Berkshire Medical Center employees urge RN colleagues not to strike: 6 things to know

Ahead of a planned strike, a group of employees at Pittsfield, Mass.-based Berkshire Medical Center are calling for resolution of a dispute between the hospital and registered nurses, according to The Berkshire Eagle.

Here are six things to know:

1. On June 11, three longtime medical center employees hope to rally nurse colleagues represented by the Massachusetts Nurses Association to reach a contract agreement and avoid a strike, the report states. Employees have expressed concerns about the planned walkout, including internal conflict and financial risks to the hospital.

2. The medical center employees have circulated a petition stating: "We do not support the MNA's decision to strike, and ask for acceptance [of] a fair and reasonable contract."

3. Negotiations began in September 2016. The nurses went on strike in October 2017, and in January voted to authorize another one-day strike. After a strike authorization, the law requires nurses to give hospital officials at least 10 days' notice of a planned walkout. The nurses issued a one-day strike notice for Feb. 27, but later withdrew it. Then on June 4, nurses notified the medical center they planned to begin a one-day strike at 7 a.m. June 18. The Berkshire Eagle reported that the latest medical center contract proposal was withdrawn when the June strike notice was issued, meaning an offer extended in February is back on the table.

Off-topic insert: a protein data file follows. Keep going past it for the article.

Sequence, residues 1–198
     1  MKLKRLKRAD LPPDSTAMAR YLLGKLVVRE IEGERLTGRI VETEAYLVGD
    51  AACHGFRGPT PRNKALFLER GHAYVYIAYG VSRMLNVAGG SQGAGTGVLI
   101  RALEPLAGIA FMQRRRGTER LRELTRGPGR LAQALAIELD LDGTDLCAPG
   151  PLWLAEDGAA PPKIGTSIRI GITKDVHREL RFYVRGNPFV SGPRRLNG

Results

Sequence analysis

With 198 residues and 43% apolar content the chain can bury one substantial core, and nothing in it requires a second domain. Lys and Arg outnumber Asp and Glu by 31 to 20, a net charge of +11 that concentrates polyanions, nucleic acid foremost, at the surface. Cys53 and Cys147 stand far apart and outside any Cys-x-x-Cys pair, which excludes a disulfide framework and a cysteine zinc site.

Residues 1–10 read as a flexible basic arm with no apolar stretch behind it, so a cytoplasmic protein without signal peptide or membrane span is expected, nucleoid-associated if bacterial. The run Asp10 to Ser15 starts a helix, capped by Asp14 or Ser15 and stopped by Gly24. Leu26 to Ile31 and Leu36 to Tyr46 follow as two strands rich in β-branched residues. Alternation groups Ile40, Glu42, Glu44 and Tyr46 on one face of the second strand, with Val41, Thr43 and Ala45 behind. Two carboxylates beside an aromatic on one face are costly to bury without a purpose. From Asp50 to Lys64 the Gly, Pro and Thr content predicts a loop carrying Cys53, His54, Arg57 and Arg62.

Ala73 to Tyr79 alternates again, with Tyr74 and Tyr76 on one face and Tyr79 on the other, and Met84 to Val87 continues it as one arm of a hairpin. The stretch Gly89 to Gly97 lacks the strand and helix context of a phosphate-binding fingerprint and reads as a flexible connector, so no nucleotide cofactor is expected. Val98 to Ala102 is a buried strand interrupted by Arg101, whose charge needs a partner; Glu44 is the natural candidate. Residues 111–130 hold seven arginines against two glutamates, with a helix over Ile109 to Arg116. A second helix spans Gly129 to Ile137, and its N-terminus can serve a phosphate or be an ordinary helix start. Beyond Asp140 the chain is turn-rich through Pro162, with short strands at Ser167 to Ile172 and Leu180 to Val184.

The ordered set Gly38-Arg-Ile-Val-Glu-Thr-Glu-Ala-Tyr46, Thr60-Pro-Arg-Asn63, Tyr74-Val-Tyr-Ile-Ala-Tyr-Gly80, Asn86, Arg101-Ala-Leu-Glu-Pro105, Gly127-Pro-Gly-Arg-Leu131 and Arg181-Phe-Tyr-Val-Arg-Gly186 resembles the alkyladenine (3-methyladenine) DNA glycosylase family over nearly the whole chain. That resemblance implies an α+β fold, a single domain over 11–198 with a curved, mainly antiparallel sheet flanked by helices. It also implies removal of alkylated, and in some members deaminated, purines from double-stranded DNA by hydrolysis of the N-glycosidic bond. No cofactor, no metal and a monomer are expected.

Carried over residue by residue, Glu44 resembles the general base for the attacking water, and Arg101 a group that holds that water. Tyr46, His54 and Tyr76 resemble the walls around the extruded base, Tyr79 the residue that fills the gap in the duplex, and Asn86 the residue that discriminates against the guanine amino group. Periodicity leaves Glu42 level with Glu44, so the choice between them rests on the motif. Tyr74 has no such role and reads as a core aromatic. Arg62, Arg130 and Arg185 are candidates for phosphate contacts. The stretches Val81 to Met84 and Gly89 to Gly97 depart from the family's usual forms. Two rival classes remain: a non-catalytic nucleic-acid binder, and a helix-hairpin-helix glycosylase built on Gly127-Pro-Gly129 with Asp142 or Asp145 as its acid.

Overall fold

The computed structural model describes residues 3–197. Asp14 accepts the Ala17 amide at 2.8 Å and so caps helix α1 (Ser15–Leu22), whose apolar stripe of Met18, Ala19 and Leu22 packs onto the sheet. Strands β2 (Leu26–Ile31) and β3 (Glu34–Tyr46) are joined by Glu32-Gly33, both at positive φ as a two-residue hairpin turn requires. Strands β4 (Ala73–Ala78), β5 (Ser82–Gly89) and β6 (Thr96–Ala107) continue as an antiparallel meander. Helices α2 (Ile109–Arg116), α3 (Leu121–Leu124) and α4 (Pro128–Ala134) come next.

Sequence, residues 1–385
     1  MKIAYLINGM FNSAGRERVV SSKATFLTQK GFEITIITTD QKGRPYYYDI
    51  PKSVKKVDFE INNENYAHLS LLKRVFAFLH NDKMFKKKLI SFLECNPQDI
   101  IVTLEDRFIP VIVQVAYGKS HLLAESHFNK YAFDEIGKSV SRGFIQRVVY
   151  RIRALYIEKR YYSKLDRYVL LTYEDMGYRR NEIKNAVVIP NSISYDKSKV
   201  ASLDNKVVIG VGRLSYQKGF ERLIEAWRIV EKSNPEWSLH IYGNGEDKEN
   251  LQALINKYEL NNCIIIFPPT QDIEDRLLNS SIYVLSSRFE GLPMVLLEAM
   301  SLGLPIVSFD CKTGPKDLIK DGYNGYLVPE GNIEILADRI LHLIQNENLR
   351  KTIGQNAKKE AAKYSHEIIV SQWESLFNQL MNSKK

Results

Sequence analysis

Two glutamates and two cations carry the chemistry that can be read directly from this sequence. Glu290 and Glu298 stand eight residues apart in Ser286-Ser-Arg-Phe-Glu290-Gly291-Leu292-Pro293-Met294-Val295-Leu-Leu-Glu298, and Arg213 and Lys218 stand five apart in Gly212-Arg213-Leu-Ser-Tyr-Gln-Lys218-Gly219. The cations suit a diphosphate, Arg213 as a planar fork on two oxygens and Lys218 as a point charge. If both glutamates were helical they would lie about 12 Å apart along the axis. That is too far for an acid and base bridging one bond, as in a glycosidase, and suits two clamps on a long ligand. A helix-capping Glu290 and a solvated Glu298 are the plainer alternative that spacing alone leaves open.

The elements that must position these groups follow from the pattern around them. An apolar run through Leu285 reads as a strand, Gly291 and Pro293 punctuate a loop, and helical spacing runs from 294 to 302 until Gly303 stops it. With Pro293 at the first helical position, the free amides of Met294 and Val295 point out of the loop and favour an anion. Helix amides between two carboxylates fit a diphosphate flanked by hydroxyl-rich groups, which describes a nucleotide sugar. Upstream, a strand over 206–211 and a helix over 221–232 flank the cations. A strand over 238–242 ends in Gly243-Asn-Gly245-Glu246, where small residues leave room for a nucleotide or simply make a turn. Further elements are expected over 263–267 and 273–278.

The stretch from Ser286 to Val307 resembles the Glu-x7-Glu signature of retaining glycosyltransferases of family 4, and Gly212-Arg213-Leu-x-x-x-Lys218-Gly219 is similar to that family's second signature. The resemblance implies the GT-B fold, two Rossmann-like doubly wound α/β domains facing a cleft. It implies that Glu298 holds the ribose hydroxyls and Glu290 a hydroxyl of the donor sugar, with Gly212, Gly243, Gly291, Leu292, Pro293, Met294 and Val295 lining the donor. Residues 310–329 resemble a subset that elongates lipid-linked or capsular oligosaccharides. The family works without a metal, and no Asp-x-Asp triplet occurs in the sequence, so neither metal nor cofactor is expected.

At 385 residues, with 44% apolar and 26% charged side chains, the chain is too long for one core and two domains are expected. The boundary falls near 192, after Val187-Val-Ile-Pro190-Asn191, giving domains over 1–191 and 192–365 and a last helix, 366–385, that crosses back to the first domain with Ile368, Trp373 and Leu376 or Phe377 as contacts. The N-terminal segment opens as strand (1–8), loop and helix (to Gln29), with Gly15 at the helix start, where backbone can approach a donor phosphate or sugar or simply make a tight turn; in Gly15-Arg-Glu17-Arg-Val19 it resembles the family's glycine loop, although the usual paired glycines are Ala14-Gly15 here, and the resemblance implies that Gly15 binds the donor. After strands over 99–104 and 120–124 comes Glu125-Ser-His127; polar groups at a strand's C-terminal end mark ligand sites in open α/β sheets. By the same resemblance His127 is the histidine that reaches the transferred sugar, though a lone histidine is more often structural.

4. Earlier this month, the hospital said it has prepared for another strike and does not anticipate interruption of services or quality of care. According to the report, those preparations include planning to bring in replacement nurses for five days. The medical center estimates a June 18 strike and the subsequent four days in which hospital nurses will be unable to return to work because of an agreement with replacement workers will cost $3 million to $4 million.

5. Staffing has been a key sticking point in negotiations. However, the union indicated it is committed to reaching a resolution.

"To our nonRN caregiver co-workers we say this: We're all in this together; we are all one. We are here for you. In unity there is strength."

6. The hospital did not comment about the petition or June 11 rally effort when contacted by Becker's Hospital Review. But it expressed disappointment about strike plans.

"For the past four months, the hospital has, at every opportunity, made clear to the union and to the registered nurses it represents that if they did not timely accept the hospital's offer or if they chose to deliver another strike notice, the offer would be withdrawn," a hospital statement reads. "The hospital's reasoning is not punitive, but rather the result of its obligation to redirect hospital resources that could have benefited the nurses and use them instead to maintain quality hospital services during a … nurses' strike."  


More articles on human capital and risk:

Washington state nurses picket over staffing
University of Vermont Medical Center nurses to vote on strike
Bartlett Regional Hospital workers get pay hike in 3-year labor deal


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